Physician to Physician Referrals

Written by on August 30, 2013 in Features - No comments

The Correct Communication Can Make It Super

Once upon a time there was a family practice and a surgical practice side by side, even sharing the same parking lot. What a wonderful opportunity to better serve their patients.   The surgical practice administrator had visited the family practice group, welcoming them to the neighborhood and had introduced the referral coordinators. They scheduled a meeting with a desire to better understand what each needed when referring patients. The surgical practice asked how the physicians would like to be kept informed. The family practice physicians said, “a phone call, chat in the parking lot or a letter works for us. Whatever works best for you.”

The surgical practice administrator and employees were very understanding about work-ins and when at all possible, would offer same day appointments. Patients very much appreciated this, conveniently walking over from right next door. To the patient, the family practice physician appeared to be “Super-Doc,” having extra-ordinary powers in requesting that the neighboring surgeon address their surgical needs so quickly. It was a win-win for both practices.

Occasionally, a patient would have to be sent directly to the hospital for urgent surgery. They were able to bypass the emergency department. This made the family practice physician, the surgeon, the patient and patient’s family members very happy.

Then one day a patient who had previously been referred by the family practice physician to the surgeon had returned to see his family physician for flu-like symptoms.  While there, the family physician said, “I see in my notes that I had referred you to a surgeon about possible gallstones, did you see anyone?” the patient confirmed stating, “Yes sir, I had surgery months ago. I have the scar to prove it.  I really liked that surgeon.” The patient pulled up his shirt and low and behold, he was right! There it was, one of the nicest post gallbladder scars ever seen. How embarrassing this was to the family physician. He liked to be kept informed about his patients.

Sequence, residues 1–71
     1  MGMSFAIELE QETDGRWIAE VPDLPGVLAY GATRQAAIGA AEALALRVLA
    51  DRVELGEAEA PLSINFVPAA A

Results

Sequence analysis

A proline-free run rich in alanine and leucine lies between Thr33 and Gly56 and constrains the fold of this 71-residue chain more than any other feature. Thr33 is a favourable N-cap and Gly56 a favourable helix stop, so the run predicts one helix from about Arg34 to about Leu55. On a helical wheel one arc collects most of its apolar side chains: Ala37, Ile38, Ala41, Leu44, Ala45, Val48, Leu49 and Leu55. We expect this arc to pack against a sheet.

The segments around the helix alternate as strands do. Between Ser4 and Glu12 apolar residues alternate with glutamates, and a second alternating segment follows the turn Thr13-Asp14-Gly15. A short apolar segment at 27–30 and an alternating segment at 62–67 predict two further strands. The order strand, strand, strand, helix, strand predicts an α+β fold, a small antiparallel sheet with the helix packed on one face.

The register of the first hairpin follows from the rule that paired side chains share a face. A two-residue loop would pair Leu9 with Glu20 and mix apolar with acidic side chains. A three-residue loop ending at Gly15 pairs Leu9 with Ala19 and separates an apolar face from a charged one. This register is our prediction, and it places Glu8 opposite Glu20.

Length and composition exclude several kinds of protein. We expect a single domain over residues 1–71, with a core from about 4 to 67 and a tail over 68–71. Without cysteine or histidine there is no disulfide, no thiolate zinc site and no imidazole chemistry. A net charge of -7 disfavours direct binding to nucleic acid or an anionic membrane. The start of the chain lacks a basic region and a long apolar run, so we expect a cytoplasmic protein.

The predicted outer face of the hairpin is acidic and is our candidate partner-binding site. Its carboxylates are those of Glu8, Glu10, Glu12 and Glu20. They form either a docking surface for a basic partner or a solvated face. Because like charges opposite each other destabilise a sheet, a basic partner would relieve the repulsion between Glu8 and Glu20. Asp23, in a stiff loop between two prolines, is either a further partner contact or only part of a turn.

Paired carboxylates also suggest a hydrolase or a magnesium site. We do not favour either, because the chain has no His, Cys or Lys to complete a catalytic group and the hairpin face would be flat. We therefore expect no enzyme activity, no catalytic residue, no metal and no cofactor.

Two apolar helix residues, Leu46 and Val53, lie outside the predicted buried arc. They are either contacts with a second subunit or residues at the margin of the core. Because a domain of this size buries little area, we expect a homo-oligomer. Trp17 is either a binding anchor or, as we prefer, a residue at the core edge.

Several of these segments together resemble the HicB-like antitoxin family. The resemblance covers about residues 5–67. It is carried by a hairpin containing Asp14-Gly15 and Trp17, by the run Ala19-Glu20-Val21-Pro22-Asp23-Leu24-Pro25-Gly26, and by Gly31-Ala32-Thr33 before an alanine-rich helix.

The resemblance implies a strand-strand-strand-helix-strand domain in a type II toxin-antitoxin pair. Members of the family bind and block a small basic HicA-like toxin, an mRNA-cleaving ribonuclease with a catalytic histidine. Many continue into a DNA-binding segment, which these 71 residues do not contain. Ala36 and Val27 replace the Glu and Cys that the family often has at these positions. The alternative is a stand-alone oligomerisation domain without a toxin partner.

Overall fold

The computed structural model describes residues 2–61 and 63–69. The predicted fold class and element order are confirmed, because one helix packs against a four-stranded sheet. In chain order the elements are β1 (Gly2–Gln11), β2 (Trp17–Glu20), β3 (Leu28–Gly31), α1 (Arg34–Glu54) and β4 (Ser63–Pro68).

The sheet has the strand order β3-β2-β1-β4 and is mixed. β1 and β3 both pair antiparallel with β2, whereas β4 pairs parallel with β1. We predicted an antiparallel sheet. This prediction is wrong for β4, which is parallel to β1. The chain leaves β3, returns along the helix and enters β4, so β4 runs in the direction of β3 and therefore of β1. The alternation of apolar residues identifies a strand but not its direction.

The family practice physician understood that mistakes happen so he called over next door to inquire.  Copies of physician notes were hand delivered by the staff but one important piece was missing. There was no follow up with the physician, informing him of what the surgeon had found.

This was quickly brought to the practice administrator’s attention. When she brought it to the surgeon’s attention, he said, “they should know by now that we are going to take care of their patients. There is no need for all that back and forth. If that’s a problem, then they don’t have to send me anyone else.” And they didn’t.

The moral to the story is without effective, timely communication between physicians, both the quality of care and the patient experience can suffer. Physicians who reported a lack of timely communication regarding referrals had less confidence in their ability to provide high-quality care than colleagues who received timely communication. Primary care physicians know that if they don’t get information about referrals back from specialists, particularly for patients with complex conditions, it impacts the quality of the health care they provide. Gaps in communication may lead to patient harm, delays in care, continuation of incorrect treatment, prolonged length of stay, and increased costs. Lack of direct communication between physicians leads to delays in patients receiving the assessment and treatment they need.

In order for the patient, family members, physicians, surgeons and staff to live “happily ever after” it takes 100% from all players. When one person drops the magic wand, the entire referral process looses all its miraculous powers.

Communication is the essential key. Make it a priority to understand what each practice and each player needs to better serve your patients.

By Denise Price Thomas

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